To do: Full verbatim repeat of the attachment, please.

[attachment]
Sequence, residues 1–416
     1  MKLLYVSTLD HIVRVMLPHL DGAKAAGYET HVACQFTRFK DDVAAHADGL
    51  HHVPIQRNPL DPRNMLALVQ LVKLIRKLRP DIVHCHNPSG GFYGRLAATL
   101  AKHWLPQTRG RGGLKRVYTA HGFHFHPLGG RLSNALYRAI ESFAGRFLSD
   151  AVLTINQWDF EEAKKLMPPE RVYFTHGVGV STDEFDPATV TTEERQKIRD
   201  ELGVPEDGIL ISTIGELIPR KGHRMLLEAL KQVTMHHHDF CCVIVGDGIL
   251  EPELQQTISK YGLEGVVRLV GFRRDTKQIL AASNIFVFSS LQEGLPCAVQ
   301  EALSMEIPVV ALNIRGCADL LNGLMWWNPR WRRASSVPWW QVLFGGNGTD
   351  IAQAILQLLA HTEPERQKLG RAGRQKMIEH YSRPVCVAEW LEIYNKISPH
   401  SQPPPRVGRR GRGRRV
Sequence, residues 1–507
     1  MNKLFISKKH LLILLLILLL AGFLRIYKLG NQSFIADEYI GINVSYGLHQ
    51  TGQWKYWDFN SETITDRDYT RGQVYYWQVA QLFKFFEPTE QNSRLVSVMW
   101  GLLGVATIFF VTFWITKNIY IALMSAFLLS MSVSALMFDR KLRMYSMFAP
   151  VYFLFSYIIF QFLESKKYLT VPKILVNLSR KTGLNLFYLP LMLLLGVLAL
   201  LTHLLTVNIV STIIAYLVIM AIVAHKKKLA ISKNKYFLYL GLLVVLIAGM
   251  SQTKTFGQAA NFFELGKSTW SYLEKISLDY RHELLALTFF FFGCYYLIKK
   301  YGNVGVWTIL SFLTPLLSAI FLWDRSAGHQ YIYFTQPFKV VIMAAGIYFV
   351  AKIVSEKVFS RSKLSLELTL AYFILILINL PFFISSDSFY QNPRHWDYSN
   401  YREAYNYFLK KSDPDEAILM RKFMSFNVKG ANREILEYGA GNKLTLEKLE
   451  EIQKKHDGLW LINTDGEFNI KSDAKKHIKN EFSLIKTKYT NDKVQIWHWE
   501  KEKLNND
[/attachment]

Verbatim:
Sequence, residues 1–416
     1  MKLLYVSTLD HIVRVMLPHL DGAKAAGYET HVACQFTRFK DDVAAHADGL
    51  HHVPIQRNPL DPRNMLALVQ LVKLIRKLRP DIVHCHNPSG GFYGRLAATL
   101  AKHWLPQTRG RGGLKRVYTA HGFHFHPLGG RLSNALYRAI ESFAGRFLSD
   151  AVLTINQWDF EEAKKLMPPE RVYFTHGVGV STDEFDPATV TTEERQKIRD
   201  ELGVPEDGIL ISTIGELIPR KGHRMLLEAL KQVTMHHHDF CCVIVGDGIL
   251  EPELQQTISK YGLEGVVRLV GFRRDTKQIL AASNIFVFSS LQEGLPCAVQ
   301  EALSMEIPVV ALNIRGCADL LNGLMWWNPR WRRASSVPWW QVLFGGNGTD
   351  IAQAILQLLA HTEPERQKLG RAGRQKMIEH YSRPVCVAEW LEIYNKISPH
   401  SQPPPRVGRR GRGRRV
Sequence, residues 1–507
     1  MNKLFISKKH LLILLLILLL AGFLRIYKLG NQSFIADEYI GINVSYGLHQ
    51  TGQWKYWDFN SETITDRDYT RGQVYYWQVA QLFKFFEPTE QNSRLVSVMW
   101  GLLGVATIFF VTFWITKNIY IALMSAFLLS MSVSALMFDR KLRMYSMFAP
   151  VYFLFSYIIF QFLESKKYLT VPKILVNLSR KTGLNLFYLP LMLLLGVLAL
   201  LTHLLTVNIV STIIAYLVIM AIVAHKKKLA ISKNKYFLYL GLLVVLIAGM
   251  SQTKTFGQAA NFFELGKSTW SYLEKISLDY RHELLALTFF FFGCYYLIKK
   301  YGNVGVWTIL SFLTPLLSAI FLWDRSAGHQ YIYFTQPFKV VIMAAGIYFV
   351  AKIVSEKVFS RSKLSLELTL AYFILILINL PFFISSDSFY QNPRHWDYSN
   401  YREAYNYFLK KSDPDEAILM RKFMSFNVKG ANREILEYGA GNKLTLEKLE
   451  EIQKKHDGLW LINTDGEFNI KSDAKKHIKN EFSLIKTKYT NDKVQIWHWE
   501  KEKLNND